Step Lightly Around a Cactus
A horticulturist explains the dangers of getting stuck.
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Worst case scenario for a cowboy is to be bucked off a horse and land in a big patch of cholla (cho-ya) cactus. Cowboy or no, you haven't lived until you've pulled a cholla spine out of your forehead with a pair of needle-nose pliers.
Mother Nature was perfect in her design of this cactus — also dubbed "jumping cholla" — because the spines seem to leap into anything that comes close enough. Under magnified observation, the reason is clear. Each inch-long spine is covered with sharp microscopic barbs as densely as a fish has scales. This allows spines to enter flesh at the lightest touch, then the barbs cling tenaciously against removal.
In the Southwest, victims of cholla and prickly pear, a relative, are seen by emergency room doctors on a routine basis. Perhaps it has now evolved into urban legend or perhaps it occasionally remains fact, but it's said that even today the deeply rooted spines aren't always removed immediately because the barbs can cause horrendous tissue damage as they come out.
Instead, the victims are sometimes left to suffer for a few days until the body produces puss, a reaction to the foreign objects, around the spine. Once this slippery substance cloaks the embedded spine, it will come out easily and with far less scarring.
Cactus spines are actually leaves that evolved to serve a purpose other than food production. Some cactus spines are so dense they shade the cactus skin from intense desert sun. Others are strictly for protection against foraging wildlife.
Cholla spines have barbs for a yet another purpose. In the wild these plants are often sterile, so reproduction by seed is rare. Instead they reproduce by hitchhiking. The cigar-shaped segments are very weakly jointed, so that they break off at the slightest pressure.
If an animal or cowboy, or even a rubber-shoe sole, gets too close, the cholla spines grab the flesh and hold on, then are unwittingly carried to a new location by the temporary host until they eventually fall off and quickly take root.
If you are unlucky enough to be one who gives a cholla a ride, be prepared. Nothing short of needle-nose pliers will pull them out.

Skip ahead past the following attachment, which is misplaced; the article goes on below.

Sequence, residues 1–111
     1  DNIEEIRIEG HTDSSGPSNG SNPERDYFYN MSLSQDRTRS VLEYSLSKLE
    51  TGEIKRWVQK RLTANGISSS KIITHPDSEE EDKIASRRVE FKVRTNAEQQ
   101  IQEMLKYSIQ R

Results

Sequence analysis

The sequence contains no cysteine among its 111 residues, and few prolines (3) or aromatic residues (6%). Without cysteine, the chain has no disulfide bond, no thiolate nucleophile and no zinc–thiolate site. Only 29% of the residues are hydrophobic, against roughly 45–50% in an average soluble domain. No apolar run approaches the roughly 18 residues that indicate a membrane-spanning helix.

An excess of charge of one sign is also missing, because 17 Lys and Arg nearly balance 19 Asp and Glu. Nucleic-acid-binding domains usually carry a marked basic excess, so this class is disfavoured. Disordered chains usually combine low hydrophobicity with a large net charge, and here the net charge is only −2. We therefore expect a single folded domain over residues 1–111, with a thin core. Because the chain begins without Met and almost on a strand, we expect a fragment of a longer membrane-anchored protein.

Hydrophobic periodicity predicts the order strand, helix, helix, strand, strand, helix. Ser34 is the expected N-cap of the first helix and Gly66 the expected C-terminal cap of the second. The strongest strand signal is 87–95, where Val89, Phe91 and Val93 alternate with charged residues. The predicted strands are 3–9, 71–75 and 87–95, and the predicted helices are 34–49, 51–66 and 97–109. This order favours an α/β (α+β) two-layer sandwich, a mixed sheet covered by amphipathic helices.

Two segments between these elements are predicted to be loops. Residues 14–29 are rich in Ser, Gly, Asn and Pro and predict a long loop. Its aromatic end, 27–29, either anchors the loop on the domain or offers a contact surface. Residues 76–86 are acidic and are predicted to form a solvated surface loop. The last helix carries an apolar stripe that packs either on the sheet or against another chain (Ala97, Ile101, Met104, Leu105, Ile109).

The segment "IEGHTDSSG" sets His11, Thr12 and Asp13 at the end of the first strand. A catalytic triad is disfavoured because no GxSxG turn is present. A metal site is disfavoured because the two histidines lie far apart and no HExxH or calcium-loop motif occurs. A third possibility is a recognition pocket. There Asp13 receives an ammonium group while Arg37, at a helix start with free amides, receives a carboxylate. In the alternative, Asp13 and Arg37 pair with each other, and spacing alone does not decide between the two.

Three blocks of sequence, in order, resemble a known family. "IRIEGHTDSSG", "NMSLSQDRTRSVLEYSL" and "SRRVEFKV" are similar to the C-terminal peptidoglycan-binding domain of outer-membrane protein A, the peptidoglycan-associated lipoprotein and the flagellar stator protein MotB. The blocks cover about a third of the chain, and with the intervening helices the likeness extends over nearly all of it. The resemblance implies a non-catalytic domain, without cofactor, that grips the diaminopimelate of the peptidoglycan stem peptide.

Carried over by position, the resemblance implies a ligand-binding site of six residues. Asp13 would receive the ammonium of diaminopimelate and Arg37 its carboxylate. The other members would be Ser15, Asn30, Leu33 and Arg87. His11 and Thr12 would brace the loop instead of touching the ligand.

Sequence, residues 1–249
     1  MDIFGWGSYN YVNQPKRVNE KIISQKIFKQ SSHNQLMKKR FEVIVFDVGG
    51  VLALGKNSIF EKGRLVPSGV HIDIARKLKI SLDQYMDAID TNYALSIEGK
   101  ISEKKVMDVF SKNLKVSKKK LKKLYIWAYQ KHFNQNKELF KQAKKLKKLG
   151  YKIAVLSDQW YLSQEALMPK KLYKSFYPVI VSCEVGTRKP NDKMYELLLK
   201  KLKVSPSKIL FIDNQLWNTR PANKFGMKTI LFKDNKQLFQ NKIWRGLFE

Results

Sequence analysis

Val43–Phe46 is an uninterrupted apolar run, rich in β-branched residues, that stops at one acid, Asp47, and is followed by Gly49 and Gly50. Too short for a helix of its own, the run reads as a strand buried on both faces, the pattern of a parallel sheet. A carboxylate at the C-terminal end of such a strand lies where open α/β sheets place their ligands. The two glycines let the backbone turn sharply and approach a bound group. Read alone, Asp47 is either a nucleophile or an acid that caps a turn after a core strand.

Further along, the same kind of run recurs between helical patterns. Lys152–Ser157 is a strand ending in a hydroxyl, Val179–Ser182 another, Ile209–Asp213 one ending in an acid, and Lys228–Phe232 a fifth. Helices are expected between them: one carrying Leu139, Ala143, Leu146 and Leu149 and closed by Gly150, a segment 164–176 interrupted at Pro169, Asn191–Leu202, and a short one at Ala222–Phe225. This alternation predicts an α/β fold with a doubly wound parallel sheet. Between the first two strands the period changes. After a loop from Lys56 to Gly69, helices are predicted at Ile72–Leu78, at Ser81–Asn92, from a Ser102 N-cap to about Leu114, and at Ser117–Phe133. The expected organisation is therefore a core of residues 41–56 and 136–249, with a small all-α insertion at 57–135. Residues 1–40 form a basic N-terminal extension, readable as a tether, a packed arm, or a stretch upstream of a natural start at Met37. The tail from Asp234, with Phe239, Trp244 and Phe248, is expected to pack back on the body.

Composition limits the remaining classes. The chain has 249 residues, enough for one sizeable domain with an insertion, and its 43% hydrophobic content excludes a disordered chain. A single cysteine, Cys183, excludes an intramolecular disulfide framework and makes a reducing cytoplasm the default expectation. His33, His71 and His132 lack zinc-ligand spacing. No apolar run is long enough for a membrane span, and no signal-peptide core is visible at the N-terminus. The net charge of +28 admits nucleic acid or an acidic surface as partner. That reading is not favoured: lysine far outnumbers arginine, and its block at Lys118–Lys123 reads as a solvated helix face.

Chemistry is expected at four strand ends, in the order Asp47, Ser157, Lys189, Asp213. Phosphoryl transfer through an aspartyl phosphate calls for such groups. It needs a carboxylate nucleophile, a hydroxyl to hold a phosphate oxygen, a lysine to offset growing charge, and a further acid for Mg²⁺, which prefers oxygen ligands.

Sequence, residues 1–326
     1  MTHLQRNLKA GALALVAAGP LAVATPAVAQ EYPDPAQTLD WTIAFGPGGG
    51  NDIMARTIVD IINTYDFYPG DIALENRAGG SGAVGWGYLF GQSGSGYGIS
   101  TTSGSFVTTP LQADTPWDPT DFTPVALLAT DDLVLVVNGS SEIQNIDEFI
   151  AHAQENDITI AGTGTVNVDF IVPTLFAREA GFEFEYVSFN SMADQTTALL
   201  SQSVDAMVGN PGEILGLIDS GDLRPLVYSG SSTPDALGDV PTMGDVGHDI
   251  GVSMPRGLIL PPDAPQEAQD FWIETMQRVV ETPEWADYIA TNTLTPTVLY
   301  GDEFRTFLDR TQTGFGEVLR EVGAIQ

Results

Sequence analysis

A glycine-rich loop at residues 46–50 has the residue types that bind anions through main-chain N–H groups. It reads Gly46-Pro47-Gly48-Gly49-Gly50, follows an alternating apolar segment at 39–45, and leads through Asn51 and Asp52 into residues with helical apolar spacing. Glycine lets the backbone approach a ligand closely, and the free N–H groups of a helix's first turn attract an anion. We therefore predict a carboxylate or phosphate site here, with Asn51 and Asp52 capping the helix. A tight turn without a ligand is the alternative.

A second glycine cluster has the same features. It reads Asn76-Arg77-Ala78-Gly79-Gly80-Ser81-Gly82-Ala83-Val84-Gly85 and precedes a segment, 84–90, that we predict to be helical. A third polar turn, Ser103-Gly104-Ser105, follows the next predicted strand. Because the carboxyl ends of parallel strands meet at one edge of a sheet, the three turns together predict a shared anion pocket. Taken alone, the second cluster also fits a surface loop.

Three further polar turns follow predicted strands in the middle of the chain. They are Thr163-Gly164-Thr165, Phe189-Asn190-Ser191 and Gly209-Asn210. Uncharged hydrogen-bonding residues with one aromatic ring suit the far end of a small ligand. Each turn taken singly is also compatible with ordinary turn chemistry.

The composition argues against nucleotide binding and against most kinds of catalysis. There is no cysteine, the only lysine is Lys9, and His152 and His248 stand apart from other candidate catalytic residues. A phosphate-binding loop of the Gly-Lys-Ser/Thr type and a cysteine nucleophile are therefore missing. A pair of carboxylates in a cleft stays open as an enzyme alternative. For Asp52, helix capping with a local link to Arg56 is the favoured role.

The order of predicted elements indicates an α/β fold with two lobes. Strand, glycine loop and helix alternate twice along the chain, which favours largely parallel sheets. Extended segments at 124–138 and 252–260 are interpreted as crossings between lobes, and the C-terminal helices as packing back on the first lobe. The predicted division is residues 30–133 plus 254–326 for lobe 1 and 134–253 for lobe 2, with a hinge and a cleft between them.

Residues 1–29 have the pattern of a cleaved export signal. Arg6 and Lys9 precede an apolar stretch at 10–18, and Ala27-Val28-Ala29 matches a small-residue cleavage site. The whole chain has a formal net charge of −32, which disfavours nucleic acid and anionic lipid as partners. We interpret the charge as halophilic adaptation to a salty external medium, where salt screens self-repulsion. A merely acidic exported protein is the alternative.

Problems of contact dermatitis are common wherever the fruits of prickly pear cactus are gathered. A cousin of the cholla, this plant also has large sharp spines, but it's the secondary spines, called glochids, that are the banes of workers' existence. Tiny and hair-like, they appear to be harmless fuzz, but they are highly irritating to the skin. Glochids can break off, leaving the tip embedded in your skin. This causes a rash and, in more extreme cases, infections.
Experts suggest using a magnifying glass and tweezers to remove them promptly, one by one, taking care not to cause further breakage.
Getting stuck by popular golden barrel cactus can actually hurt more. The cacti have been tested for thorn toxicity, but none exists. Still, the spines come encased in microscopic sheaths that often remain in the flesh after the spine is removed. There it irritates surrounding tissue until the body finally absorbs the material.
If you experience dermatitis from glochids or spines, experts recommend cortisone creams. Fresh aloe or aloe gel is also an excellent natural treatment that can lessen the redness and speed healing. Be aware that microscopic tips too small to see may remain embedded in your skin, however, and can cause long term irritation.
Just remember to step lightly around all cacti ... and keep your hands to yourself.
(Maureen Gilmer is a horticulturist and host of Weekend Gardening on DIY-Do It Yourself Network. For more information, visit: www.moplants.com or www.DIYNetwork.com. Distributed by Scripps Howard News Service.)
Hoodia is rare because it's difficult to cultivate. It prefers very high temperatures, sandy soil and almost no water.